Medical ethics encompasses a broad range of difficult clinical issues and decisions. Some of these issues, such as embryonic research, in vitro fertilization, cloning, and gene mapping, deal with the beginning of life. Others, such as those involving informed consent, organ donation, and human experimentation, can occur at any time during life. End-of-life decisions, including withdrawing and withholding treatment, euthanasia, and advance directives, comprise a significant and especially challenging part of medical ethics. In this program, Dr. William Matory interviews Dr. Edmund Pellegrino, a world-renowned spokesman on ethics and the medical profession. Dr. Pellegrino addresses end-of-life and other difficult decisions faced by physicians and other healthcare professionals in caring for patients, and provides clinically and morally sound advice, based on his belief in the moral nature of medicine and the ethical obligations of physicians.

DVD / 2006 / 60 minutes

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The end of life can raise numerous ethical issues. Prolonging life, advance directives, physician assisted suiside, and patient autonomy are just a few. Join this program for a discussion of these and other ethical issues.

DVD / 2004 / 30 minutes

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By Helen Emmott and Julie Russell

Claire is a nurse but, she says, "I've learned some things since I was the patient." Despite her training, she delayed seeing a doctor when she experienced the first symptoms of ovarian cancer. When the physician gave her the diagnosis, she understood the words, "but I couldn't hear anything he was saying." Later, in intense pain, she was refused stronger medication, told "We have to reserve that option for later." "Don't you understand I'm dying," she says. "My daughter is scared and angry, I'm using her college fund for treatment I believe to be futile, and I feel so completely alone." Shocked by the impersonality of her medical care she tells a student nurse, one of the few people to treat her kindly, "Don't ever forget the importance of just being with someone, especially someone who's dying."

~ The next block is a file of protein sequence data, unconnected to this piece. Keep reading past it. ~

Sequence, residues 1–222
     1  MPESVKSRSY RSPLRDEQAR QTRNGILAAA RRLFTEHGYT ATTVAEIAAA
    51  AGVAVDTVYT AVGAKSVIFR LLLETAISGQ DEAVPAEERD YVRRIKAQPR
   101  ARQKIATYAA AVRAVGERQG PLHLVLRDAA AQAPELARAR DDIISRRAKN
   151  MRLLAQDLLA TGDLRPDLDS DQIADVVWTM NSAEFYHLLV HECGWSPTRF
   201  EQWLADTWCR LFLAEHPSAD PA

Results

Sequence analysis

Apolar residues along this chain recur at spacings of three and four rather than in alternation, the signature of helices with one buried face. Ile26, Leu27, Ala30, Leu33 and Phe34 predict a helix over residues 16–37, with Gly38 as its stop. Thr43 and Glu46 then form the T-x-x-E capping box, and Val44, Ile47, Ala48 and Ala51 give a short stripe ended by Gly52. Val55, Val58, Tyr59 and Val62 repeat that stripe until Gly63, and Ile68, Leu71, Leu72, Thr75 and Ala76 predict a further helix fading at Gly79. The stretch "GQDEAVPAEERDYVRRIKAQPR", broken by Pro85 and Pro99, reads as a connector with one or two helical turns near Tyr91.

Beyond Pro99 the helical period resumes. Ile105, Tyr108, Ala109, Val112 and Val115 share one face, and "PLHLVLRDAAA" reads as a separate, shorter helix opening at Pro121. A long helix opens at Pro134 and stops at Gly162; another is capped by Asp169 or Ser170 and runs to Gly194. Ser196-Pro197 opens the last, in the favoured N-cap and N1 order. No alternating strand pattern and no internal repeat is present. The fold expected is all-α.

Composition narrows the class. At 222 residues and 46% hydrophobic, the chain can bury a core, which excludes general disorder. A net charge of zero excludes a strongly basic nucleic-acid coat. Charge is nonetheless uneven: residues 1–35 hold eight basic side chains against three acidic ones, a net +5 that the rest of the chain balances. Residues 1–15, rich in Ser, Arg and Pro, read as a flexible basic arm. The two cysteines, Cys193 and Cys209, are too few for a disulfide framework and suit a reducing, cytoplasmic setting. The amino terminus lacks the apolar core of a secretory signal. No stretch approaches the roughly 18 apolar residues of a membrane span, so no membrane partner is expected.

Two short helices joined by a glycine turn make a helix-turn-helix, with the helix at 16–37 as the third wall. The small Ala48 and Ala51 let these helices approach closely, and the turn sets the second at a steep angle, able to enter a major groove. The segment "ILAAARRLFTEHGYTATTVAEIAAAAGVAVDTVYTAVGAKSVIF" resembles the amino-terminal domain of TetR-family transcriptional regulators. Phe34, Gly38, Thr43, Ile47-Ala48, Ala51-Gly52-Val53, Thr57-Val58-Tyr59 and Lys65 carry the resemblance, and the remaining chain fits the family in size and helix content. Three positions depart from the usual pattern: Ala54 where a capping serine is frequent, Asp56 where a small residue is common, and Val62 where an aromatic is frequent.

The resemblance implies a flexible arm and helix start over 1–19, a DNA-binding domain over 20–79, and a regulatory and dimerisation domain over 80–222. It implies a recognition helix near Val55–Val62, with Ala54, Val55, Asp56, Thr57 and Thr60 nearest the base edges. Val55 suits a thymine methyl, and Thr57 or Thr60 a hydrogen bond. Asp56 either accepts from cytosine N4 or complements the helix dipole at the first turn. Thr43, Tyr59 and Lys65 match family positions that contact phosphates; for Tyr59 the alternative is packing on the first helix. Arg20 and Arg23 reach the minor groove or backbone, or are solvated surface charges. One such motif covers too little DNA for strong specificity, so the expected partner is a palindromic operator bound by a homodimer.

Claire's Story is one in a series of brief, one-character dramas created by bioethics educators Helen Emmott and Julie Russell, who are both experienced registered nurses. Performed by Russell, these evocative portraits offer nurses, physicians, social workers and other members of the healthcare team invaluable case material for use in thinking about these issues.

Every day in the life of a terminally-ill patient presents a host of complex issues for patients, families, and members of the healthcare team. As medical science and technology continue to evolve, discussions of the ethical aspects of end-of-life care become both more critical and more difficult. Learning to facilitate and participate in these processes is essential for all healthcare providers. The cases portrayed in these poignant monologues will stimulate hours of ethical discussion.

  • "We teach and learn what it means to be healthcare professionals through cases, the sharing of clinical narratives or stories. The most powerful way of teaching and learning illness narratives is through drama, through actual performances of patients' stories." - William G. Bartholome, pediatrician and bioethicist

  • "The tapes and acting are magnificent, and the student response was wonderful!" - Dr. Lynda Shand, School of Nursing, College of New Rochelle

  • "Unforgettable! Russell's performance is inspiring, touching, and thought-provoking. The characterizations hit audience members right between the eyes." - Beth Ingram, Vice President, Arkansas Hospital Association